As discussed earlier, compressors and expanders stretch and squish different volume levels; I’ll discuss the use of compressors in another article. But using an expander at low volume levels (also known as a downward expander) is very similar to using a noise gate, but with slightly more control. The level of an expander (or compressor) is measured in ratios. For example, an expander with a ratio of 1:2 will spread out volume levels to twice their original levels. If this happens below, for example, -40 dB, then the volume levels drop off to lower levels, like a smoother noise gate.

Graph showing how a downward expander drops the volume off below a specified volume threshold.
The original sound file, a voice recording from The Committed podcast.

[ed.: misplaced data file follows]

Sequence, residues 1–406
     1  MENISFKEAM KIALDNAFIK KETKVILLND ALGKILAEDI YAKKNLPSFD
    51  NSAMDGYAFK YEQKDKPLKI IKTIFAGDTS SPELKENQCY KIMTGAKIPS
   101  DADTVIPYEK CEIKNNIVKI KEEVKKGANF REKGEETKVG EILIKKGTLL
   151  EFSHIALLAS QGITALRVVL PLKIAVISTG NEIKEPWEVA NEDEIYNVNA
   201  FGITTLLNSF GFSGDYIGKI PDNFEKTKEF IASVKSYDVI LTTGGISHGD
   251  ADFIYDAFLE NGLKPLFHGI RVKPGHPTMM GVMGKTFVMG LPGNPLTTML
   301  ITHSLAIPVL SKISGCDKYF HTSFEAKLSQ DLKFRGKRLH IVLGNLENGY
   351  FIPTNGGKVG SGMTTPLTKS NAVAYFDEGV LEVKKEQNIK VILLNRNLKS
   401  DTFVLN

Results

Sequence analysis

After applying an expander with a low threshold (about -35 dB). The louder sounds are unaffected

You will find the controls to be very similar to Noise Gate, such as attack and release times, as well as threshold for where the volume drops off and ratio for how quickly it happens.

Destructive versus non-destructive

So, now you know how to apply the effects. If you apply them in a sound editor like Sound Studio, the change to the file is permanent. However, if you add it to a channel in a DAW like GarageBand or Logic, the filter is applied but can be removed if necessary. This is known as non-destructive editing, because the original data is unaffected. Common sense would tell you that this is the better way, because you can always go back and change it if you get it wrong. And if you’re starting out, this is probably the best way. Having said that, it’s not usually the way I work.